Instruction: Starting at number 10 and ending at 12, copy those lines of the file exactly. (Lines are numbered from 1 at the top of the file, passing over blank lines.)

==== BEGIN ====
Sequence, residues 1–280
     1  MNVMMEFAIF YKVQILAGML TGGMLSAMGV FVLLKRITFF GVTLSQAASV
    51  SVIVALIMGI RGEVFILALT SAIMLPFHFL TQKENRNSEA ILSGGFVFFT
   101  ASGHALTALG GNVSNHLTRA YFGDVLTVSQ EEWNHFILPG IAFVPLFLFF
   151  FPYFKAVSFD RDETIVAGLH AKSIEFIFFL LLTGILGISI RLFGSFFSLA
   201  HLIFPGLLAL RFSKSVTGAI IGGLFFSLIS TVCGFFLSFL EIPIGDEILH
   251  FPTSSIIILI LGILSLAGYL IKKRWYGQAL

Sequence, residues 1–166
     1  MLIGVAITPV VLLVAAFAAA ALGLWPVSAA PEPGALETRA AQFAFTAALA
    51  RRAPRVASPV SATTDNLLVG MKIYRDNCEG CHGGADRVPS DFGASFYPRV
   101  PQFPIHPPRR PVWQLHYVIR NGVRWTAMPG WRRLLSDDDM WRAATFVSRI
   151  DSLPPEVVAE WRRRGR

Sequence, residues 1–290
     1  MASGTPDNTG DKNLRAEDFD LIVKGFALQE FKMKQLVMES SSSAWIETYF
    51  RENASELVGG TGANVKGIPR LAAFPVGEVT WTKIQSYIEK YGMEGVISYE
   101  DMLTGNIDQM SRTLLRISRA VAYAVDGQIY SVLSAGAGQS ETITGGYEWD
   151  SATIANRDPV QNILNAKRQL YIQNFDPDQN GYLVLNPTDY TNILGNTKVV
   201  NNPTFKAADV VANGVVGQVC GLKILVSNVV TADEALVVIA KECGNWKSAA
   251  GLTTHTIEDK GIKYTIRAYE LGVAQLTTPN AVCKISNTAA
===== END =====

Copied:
    51  RRAPRVASPV SATTDNLLVG MKIYRDNCEG CHGGADRVPS DFGASFYPRV
   101  PQFPIHPPRR PVWQLHYVIR NGVRWTAMPG WRRLLSDDDM WRAATFVSRI
   151  DSLPPEVVAE WRRRGR